(Image: JavierKohen; grand warship wreck in the Vasa Museum)
The Vasa is the world’s only completely preserved 17th century warship. Salvaged in 1961, her hulk sits in a museum in Stockholm, where she’s been on display since 1990. Until just over half a century ago, the Vasa had rested on the bottom of the sea for 333 years. More than a million people visit the ship every year, but according to Wired, there’s more going on with her remains than meets the eye.
(Image: Peter Isotalo)
(Image: OneHungLow; the port side of wrecked warship)
The Vasa sank in 1628, only about a mile into her maiden voyage. The flagship of a nation at the height of its power, the ill-fated warship proved alarmingly top-heavy. Her destruction came swiftly, after she capsized under her own weight. Around 30 people died in the Vasa’s sinking. After her bronze cannons had been salvaged, the shipwreck was largely forgotten. Until 1961, at least, when she was pulled out of the waters and prepped for preservation.
(Image: Peter Isotalo; the Swedish shipwreck’s lower gun deck)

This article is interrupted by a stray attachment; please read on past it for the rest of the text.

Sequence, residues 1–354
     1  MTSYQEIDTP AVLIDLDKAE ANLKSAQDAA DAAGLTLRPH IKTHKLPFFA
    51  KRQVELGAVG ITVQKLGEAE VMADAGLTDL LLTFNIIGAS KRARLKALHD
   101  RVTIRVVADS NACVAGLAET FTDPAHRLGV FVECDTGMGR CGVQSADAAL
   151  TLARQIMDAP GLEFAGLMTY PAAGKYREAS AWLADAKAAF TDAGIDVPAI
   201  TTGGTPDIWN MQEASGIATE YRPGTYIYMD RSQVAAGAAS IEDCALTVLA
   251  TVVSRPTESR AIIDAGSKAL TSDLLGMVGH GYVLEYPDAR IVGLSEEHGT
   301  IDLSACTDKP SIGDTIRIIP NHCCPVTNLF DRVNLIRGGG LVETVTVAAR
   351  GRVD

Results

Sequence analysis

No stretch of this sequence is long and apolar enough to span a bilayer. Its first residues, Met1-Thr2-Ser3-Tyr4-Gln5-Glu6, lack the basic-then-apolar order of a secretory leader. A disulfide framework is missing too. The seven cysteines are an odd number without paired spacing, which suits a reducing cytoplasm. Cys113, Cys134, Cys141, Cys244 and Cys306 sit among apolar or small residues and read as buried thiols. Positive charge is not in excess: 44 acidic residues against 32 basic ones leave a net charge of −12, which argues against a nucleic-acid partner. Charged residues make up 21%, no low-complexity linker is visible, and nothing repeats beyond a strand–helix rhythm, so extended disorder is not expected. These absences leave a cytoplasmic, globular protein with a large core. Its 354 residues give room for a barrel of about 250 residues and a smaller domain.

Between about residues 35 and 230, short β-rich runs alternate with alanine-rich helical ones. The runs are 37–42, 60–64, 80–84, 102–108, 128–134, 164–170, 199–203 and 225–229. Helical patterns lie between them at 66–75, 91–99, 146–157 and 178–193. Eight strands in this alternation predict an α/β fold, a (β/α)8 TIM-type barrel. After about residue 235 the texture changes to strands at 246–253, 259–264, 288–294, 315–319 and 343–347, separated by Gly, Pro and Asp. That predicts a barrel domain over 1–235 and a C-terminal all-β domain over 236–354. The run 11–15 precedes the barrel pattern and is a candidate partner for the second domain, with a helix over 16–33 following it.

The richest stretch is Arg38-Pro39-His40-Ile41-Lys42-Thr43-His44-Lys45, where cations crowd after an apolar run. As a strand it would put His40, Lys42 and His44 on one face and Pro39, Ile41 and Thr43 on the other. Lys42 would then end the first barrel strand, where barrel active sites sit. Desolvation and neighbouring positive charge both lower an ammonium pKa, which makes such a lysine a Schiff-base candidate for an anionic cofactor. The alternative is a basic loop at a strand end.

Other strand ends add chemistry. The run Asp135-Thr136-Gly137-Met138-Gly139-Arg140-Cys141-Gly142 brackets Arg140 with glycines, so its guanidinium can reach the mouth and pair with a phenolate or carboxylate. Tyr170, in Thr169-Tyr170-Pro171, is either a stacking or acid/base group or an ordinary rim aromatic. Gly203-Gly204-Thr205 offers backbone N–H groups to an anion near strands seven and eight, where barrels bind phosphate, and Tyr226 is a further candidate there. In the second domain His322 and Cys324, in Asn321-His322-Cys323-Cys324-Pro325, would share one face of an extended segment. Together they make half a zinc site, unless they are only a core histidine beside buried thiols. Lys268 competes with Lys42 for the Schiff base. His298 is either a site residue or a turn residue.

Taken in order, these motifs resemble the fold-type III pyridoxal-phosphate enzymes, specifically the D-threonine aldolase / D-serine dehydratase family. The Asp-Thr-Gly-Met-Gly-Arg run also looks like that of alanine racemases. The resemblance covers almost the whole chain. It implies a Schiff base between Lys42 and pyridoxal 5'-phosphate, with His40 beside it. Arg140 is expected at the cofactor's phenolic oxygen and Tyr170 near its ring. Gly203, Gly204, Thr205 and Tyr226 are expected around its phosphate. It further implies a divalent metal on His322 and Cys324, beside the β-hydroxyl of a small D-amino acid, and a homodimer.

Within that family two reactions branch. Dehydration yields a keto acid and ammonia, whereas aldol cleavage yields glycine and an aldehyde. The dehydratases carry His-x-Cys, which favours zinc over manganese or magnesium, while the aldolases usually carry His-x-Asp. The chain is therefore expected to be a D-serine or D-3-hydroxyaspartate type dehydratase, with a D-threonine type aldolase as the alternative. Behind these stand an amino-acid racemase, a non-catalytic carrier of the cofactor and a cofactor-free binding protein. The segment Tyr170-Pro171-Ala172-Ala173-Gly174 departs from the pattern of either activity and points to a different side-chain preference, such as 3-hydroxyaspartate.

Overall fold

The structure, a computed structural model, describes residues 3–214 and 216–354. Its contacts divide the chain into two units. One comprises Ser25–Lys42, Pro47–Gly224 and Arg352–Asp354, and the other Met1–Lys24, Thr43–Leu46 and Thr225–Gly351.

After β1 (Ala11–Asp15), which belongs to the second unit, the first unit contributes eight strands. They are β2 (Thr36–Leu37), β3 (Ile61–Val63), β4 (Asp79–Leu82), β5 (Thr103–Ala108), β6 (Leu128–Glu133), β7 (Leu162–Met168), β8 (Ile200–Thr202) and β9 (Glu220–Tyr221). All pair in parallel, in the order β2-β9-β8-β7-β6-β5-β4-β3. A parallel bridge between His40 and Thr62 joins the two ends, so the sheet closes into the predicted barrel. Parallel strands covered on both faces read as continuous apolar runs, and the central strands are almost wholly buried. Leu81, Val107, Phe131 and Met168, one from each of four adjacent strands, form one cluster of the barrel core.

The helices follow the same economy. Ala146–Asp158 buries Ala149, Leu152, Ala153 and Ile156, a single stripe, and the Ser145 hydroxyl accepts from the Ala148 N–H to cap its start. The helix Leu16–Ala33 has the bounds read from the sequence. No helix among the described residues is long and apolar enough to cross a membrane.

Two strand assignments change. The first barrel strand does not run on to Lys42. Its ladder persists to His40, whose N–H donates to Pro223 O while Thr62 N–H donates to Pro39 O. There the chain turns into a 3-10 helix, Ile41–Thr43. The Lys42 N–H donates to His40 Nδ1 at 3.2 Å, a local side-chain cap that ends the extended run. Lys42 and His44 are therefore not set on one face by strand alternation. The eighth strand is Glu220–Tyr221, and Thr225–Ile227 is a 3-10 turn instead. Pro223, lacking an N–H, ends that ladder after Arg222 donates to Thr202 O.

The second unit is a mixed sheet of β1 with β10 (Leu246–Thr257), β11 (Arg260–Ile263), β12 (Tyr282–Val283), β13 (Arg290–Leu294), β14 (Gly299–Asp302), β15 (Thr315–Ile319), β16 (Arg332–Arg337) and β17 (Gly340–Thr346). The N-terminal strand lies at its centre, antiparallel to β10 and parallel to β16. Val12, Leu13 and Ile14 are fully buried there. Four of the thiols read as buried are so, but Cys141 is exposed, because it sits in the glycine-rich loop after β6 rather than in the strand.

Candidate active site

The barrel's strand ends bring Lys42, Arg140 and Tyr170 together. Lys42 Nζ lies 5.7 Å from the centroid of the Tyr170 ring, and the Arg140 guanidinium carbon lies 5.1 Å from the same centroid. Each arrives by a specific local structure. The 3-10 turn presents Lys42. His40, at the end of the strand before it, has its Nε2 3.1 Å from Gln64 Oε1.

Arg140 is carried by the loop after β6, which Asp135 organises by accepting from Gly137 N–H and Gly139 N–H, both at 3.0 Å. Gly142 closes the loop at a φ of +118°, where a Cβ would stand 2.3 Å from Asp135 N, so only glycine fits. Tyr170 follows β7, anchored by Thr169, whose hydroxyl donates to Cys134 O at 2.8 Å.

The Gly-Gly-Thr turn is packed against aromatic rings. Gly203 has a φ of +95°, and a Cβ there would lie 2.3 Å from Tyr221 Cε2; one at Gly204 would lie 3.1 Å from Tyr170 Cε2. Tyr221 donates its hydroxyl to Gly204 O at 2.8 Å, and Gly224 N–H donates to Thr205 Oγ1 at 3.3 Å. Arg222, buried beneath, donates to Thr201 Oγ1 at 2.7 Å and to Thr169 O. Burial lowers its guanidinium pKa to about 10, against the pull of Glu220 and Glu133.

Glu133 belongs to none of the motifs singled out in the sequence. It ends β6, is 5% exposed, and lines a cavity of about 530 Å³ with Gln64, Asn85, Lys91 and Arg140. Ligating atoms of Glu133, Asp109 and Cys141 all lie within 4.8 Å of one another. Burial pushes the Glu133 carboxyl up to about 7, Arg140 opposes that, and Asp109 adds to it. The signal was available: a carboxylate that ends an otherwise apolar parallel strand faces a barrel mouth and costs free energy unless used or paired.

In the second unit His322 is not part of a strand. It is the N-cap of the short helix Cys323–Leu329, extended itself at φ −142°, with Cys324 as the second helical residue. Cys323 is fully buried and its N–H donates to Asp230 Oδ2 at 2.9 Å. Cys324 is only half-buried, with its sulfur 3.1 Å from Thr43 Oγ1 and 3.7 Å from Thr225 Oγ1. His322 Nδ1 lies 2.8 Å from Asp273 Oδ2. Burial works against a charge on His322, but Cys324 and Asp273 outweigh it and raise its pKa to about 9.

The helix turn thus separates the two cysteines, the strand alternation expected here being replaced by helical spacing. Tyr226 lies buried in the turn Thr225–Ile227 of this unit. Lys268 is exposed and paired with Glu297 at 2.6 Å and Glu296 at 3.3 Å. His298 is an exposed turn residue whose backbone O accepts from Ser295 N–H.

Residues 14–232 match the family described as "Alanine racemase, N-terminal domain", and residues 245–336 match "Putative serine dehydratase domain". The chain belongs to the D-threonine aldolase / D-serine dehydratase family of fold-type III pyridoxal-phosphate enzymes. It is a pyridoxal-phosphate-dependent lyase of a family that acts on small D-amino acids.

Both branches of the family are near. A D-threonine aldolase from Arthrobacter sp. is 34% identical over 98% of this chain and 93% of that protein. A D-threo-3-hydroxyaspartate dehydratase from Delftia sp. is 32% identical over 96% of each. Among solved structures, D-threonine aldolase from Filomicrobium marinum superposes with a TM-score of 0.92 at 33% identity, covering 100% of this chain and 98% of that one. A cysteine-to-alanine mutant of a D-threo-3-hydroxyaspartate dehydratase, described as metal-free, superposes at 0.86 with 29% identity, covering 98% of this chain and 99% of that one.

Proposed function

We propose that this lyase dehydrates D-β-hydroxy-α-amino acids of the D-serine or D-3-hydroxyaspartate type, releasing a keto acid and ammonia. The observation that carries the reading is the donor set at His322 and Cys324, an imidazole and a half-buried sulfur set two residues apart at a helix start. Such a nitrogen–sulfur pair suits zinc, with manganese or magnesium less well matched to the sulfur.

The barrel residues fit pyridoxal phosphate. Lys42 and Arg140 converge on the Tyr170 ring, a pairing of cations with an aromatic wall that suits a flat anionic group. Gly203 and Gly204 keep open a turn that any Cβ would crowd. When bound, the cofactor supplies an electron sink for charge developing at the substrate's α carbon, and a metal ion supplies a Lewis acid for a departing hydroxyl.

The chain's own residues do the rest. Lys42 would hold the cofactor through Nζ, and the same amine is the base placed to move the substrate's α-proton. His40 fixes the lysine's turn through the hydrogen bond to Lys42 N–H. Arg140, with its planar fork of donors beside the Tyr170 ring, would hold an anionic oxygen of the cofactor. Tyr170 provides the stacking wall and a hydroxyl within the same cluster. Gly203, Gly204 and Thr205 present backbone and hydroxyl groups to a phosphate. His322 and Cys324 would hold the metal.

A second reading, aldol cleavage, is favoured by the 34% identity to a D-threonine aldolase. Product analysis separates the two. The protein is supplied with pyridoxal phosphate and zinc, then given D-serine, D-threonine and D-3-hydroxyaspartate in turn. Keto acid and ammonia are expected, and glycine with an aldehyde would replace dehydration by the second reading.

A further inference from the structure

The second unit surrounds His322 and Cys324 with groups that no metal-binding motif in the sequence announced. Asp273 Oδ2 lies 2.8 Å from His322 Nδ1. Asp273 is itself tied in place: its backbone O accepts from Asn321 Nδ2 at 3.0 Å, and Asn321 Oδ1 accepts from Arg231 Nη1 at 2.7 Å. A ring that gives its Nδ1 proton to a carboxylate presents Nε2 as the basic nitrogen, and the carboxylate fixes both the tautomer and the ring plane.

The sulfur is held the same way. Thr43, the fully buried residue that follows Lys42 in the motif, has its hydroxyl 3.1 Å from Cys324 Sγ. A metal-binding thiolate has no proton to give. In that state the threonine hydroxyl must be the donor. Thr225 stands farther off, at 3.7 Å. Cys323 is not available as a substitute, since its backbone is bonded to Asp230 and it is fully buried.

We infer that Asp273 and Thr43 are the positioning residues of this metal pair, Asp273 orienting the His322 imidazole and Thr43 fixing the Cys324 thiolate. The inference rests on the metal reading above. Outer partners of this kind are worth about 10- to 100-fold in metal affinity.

By 2000, the salvaged warship’s hull had begun to show signs of additional wear and tear and, according to Wired, it wasn’t until 2012 that the Vasa’s caretakers realised her hull was slowly weakening on a molecular level. Already about 40 percent weaker than standard oak, the Vasa seemed to be suffering from a progressive decay that began not at the bottom of the sea, but once the shipwreck was exposed to air.
(Image: Allie Caulfield)
Conservators at the Swedish National Maritime Museum stress that the Vasa is still in excellent condition for her age (not to mention the fact that she lay derelict on the seabed for more than 300 years). They also pointed out that her hull is not in danger of disintegrating any time soon. But, little by little, the proud warship once hailed as a nation’s crowning glory is slowing dying a “second death”.
(Image: Jonathan Pio)